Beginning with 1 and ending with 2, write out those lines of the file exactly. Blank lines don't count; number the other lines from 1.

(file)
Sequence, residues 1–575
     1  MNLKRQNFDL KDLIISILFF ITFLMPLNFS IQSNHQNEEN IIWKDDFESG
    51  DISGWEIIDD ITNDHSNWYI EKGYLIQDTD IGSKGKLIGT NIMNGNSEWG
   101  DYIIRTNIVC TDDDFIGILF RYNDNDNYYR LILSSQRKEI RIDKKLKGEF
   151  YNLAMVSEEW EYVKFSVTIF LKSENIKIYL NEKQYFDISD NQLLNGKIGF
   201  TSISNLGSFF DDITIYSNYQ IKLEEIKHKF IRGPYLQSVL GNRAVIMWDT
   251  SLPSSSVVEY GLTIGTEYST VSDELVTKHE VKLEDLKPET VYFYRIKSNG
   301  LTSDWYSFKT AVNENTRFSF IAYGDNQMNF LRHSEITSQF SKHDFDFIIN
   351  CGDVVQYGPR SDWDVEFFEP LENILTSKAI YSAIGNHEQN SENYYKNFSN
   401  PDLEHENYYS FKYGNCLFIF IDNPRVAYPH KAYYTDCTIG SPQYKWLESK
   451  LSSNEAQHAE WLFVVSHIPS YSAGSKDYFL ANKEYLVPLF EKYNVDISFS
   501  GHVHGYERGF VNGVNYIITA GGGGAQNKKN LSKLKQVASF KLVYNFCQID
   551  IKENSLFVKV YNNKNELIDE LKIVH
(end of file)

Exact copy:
Sequence, residues 1–575
     1  MNLKRQNFDL KDLIISILFF ITFLMPLNFS IQSNHQNEEN IIWKDDFESG